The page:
Hello. We like to collect well-designed vintage pottery (and lots of other stuff) from the 1950s,
'60s and '70s. Here are some pictures and info of a selection of the things we've found.

Wednesday, 26 October 2011

Denby Arabesque. A lasting impression of the 1960s

Without doubt, Denby pottery is made to last. And if these items are anything to go by, it certainly does.

This is a range of tableware called Arabesque. Designed by Jill Pemberton for Denby in the 1960s, the items are so well-made in a hard Denby stoneware that they seem to be virtually indestructible. Even after so long, they don't look to have any real signs of wear or use. In a way, the design too has withstood the test of time. Even though the shape and surface painting is very much in the style of the '60s, they somehow retain their appeal and freshness today.

As I have quite a few examples of Arabesque in the Potshots collection now, I have recently passed a few bits on for others to enjoy by way of Ebay.

Thursday, 20 October 2011

Louis Hudson lamp base. Another Cornish gem.

Following on from my earlier blogpost on Carn pottery, this rustic, earthy looking ceramic lampbase is another nice example of studio pottery from Cornwall.

Made by Louis Hudson, probably in the 1970s, the bottle shaped lamp base has a wonderfully textured design of raised and impressed motifs. I particularly like the warmth of the clay colour and the restrained use of the glazes.

For more information of the studio potteries of Cornwall there's an excellent digital museum here: Cornish ceramics museum. The site has an excellent maker's marks section for identifying pottery from the region.

Monday, 17 October 2011

Portmeirion storage jars. Simplicity is the key.

Made by Portmeirion Pottery in the late 1960s or early 1970s, these two large storage jars were designed by Susan Williams-Ellis.

The pattern is Greek Key. As regular visitors to Potshots will know, I'm a bit of a sucker for cylinder-shaped pots, like these: Cylinders on Potshots and these: more cylinders, I think I must be attracted by the simplicity of them. Another nice feature of these vintage storage jars is the way that the bands of black printed borders are confined to the very top and bottom of the jars - leaving lots of that bright coloured body showing in between. The nicely turned wooden lids fit snugly and the contrasting bright orange and lime green colours seem to work well when displayed together.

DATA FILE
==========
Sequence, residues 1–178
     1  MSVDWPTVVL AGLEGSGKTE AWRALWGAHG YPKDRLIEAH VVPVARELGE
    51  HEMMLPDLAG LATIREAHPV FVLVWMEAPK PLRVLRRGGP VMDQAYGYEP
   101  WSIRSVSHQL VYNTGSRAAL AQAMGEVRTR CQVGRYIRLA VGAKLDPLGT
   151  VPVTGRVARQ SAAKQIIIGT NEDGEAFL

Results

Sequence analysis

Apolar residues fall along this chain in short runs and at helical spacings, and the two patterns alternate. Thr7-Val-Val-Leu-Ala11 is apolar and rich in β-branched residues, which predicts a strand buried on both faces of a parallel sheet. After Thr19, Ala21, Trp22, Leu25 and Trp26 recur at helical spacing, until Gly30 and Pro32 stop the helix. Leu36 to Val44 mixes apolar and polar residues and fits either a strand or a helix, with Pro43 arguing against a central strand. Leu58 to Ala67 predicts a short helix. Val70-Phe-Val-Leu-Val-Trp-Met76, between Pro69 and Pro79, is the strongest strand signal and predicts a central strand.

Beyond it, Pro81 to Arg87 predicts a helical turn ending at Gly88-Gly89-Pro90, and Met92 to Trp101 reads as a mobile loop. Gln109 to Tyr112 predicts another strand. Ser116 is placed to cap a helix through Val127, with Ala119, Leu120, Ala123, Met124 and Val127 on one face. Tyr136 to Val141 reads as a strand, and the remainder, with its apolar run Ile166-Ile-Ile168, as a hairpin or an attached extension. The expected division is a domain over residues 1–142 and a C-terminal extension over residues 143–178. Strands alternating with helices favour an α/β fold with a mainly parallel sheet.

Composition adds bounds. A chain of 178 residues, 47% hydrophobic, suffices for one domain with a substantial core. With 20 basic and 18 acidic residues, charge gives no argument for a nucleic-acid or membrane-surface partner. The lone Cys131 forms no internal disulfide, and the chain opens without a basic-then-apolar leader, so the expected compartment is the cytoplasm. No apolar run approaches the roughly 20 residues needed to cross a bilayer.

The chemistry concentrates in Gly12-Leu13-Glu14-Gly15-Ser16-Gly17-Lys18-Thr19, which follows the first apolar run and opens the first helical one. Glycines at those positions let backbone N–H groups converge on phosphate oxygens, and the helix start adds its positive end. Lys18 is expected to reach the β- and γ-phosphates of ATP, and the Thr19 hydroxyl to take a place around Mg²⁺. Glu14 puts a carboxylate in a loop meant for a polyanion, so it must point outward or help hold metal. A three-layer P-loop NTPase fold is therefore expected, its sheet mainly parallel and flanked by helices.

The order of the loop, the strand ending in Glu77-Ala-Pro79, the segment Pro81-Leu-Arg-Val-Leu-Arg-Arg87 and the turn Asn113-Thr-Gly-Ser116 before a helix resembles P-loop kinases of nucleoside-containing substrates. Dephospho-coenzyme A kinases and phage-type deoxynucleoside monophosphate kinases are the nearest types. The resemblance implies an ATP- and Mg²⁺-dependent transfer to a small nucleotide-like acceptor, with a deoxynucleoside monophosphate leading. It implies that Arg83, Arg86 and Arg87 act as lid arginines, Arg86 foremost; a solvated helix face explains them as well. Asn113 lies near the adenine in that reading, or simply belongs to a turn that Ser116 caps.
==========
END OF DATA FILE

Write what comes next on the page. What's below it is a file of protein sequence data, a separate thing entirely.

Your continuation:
Monday, 10 October 2011

Carn pottery. Growing up fast.

Troika pottery, from Cornwall, has had a spectacular rise to fame over the last decade or so. It's grown to become one of the most collectable, sought-after ranges of UK studio pottery. I must admit, I'm a big fan myself – as you can see here Troika on Potshots and here more Troika.

But Troika has a sort of little brother. Not really a poor relation, and not a poor man's Troika by any means. Carn pottery, also from Cornwall (Penzance), is growing up fast. It's not surprising that Carn pottery is becoming increasingly popular. there are some very nice items in the range.

Subdued colour schemes, textured surfaces and panels of abstract design all combine to give a sense that these attractive studio pots have a real hand-made, hand-crafted quality.

As Carn pottery is still quite reasonably priced, it may be a good time to pick up a couple of carefully chosen pieces. Who knows, one day it may enjoy some of the fame that Troika has had.

The vase shown here probably dates from the early 1970s.

Monday, 3 October 2011

Rorstrand Red Top.

Elegant details, subtle graphics and a simplicity of form. All combined to give this understated range a timeless appeal. I love the way that the black and white colour scheme is punctuated with that bold dash of deep red.

This is Red Top, designed by Marianne Westman for Rorstrand, Sweden. Made in the 1950s, Red Top somehow manages to be typical of the design style of the 1950s, and also still be modern-looking today.

Looking at websites that carry images of Marianne Westman's work, it would seem that Red Top and other ranges by the designer are much admired in Japan. I wonder if it's the purity of style that appeals to collectors there. It's certainly one of my personal favourites.